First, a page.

The Yield Curve Inverted, but You’re Telling Me This Time is Different

Last Friday, the yield curve for U.S. Treasuries inverted. Three-month T-Bills had a slightly higher yield (2.46%) than 10-Year Treasury bonds (2.44%). That sounds crazy because it is. The inverted yield curve made national news because yield curve inversions have preceded the last nine economic recessions.

Charlie Bilello shared a great visual of inverted yield curves and recessions on Twitter.

I remember the last time the yield curve inverted in 2006.  I remember justifying in my head why “this time it’s different” and we wouldn’t get a recession. Boy was I wrong. We experienced the deepest economic recession since the Great Depression in the 1930’s. Of course, my personal experience is an availability bias. That yield curve inversion is the only one I have experienced as a professional investor. The inverted yield curve neither caused nor predicted the subprime mortgage crisis. It was merely a market occurence adjacent to the event.

However, when I hear “this time it’s different” because the Fed Funds rate is so much lower today than in previous yield curve inversions, my skin crawls. Why does to level of interest rates make it any less crazy that 3-month bond yields are higher than 10-year bonds yields?

If anything, the low Fed Fund rates is scarier. At 2.25%, the Fed doesn’t have much ammunition to loosen monetary policy in the next recession. The Fed’s balance sheet is barely below $4 trillion. Their balance sheet reduction strategy will be halted in a few months, and they’ve barely made a dent. How large is the Fed willing to grow the balance sheet in the next crisis?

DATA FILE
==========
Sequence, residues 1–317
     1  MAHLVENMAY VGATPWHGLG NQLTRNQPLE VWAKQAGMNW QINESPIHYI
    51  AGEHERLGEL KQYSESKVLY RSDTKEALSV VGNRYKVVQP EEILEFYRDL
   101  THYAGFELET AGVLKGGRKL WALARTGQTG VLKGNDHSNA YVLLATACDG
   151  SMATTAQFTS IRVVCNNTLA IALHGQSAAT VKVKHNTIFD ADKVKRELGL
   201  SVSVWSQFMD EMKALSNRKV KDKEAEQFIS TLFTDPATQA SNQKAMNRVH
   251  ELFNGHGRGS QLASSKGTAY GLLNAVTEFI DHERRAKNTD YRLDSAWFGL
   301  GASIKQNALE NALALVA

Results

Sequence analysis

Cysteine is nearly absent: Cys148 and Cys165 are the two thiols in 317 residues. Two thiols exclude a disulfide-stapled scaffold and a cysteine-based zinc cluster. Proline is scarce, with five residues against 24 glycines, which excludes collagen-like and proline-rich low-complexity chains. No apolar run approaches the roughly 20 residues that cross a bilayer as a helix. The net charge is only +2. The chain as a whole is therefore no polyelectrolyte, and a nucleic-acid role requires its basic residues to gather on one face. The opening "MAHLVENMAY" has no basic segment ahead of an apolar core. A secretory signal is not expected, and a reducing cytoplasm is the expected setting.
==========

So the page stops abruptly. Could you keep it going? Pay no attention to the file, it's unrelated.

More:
On the other hand, the cyclical sectors of the U.S. economy are not overheated. We don’t have far to fall, in theory, if we do get a recession. Home and vehicle sales are below historical averages, and inventories and business investment are not a boom levels. So, while there are signs of an economic slowdown, you might expect any recession to be mild.

Source: JPMorgan Asset Management Guide to the Markets, February 28, 2019

Further, the economy is not the stock market, and we can’t time either. Charlie Bilello shared another chart listing the number of months between an inverted yield curve and a recession. It ranged from 8 – 24 months with an average of 14 months. But even if we knew for sure that an economic recession would occur in exactly 14 months, that doesn’t mean we know when the stock market will roll over and/or recover.

Yes, an inverted yield curve is a gloomy indicator. Bond investors don’t feel good about economic growth. Maybe they are right. Maybe they are wrong. Differences of opinion are what make markets work. There will always be a reason to be worried about the stock market. Without risk there can be no reward. My advice to clients doesn’t change. It would be riskier to try to predict market moves than to remain invested in a diversified portfolio matching their risk profile.


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